Variation in water potential, hydraulic characteristics and water source use in montane Douglas-fir and lodgepole pine trees in southwestern Alberta and consequences for seasonal changes in photosynthetic capacity. Tree Physiol
Department of Biological Sciences, Water & Environmental Sciences Building, University of Lethbridge, Lethbridge, Alberta, Canada T1K 3M4. Tree Physiology
(Impact Factor: 3.66).
02/2012; 32(2):146-60. DOI: 10.1093/treephys/tpr136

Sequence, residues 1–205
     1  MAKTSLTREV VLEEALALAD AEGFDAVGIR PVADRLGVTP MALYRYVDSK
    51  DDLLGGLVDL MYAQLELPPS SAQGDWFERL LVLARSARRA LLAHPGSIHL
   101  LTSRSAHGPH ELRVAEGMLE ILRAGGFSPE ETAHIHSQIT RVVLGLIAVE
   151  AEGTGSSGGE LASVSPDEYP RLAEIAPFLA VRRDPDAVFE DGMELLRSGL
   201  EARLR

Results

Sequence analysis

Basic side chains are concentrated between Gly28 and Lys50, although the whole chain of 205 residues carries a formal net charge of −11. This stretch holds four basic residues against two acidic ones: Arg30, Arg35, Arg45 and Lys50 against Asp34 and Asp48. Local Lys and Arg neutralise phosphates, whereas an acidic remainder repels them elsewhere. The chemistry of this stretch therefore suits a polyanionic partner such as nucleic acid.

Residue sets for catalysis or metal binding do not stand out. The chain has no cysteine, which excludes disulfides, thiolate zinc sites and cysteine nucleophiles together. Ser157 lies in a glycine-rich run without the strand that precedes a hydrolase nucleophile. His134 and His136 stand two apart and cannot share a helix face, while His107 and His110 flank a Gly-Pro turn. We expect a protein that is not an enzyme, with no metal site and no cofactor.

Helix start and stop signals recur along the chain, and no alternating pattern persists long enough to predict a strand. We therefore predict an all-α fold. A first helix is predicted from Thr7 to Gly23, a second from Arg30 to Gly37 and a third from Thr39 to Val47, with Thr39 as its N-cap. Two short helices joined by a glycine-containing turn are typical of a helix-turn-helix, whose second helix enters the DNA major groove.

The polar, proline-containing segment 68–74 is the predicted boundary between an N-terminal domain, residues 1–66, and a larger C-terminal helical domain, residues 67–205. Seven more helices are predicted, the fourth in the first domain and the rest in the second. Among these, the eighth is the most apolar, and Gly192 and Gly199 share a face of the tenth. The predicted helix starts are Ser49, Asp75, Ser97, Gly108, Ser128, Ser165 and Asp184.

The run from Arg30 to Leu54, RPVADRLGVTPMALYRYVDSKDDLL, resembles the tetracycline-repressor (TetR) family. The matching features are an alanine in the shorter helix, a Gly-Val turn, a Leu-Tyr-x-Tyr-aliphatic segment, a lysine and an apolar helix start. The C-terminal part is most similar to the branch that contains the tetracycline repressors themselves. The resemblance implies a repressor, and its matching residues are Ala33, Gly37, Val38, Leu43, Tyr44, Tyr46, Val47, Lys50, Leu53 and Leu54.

Tree species response to climate change-induced shifts in the hydrological cycle depends on many physiological traits, particularly variation in water relations characteristics. We evaluated differences in shoot water potential, vulnerability of branches to reductions in hydraulic conductivity, and water source use between Pinus contorta Dougl. ex Loud. var. latifolia Engelm. (lodgepole pine) and Pseudotsuga menziesii (Mirb.) Franco (interior Douglas-fir), and determined the consequences for seasonal changes in photosynthetic capacity. The Douglas-fir site had soil with greater depth, finer texture and higher organic matter content than soil at the lodgepole pine site, all factors that increased the storage of soil moisture. While the measured xylem vulnerability curves were quite similar for the two species, Douglas-fir had lower average midday shoot water potentials than did lodgepole pine. This implied that lodgepole pine exhibited stronger stomatal control of transpiration than Douglas-fir, which helped to reduce the magnitude of the water potential gradient required to access water from drying soil. Stable hydrogen isotope measurements indicated that Douglas-fir increased the use of groundwater during mid-summer when precipitation inputs were low, while lodgepole pine did not. There was a greater reduction of photosynthetic carbon gain in lodgepole pine compared with Douglas-fir when the two tree species were exposed to seasonal declines in soil water content. The contrasting patterns of seasonal variation in photosynthetic capacity observed for the two species were a combined result of differences in soil characteristics at the separate sites and the inherent physiological differences between the species.
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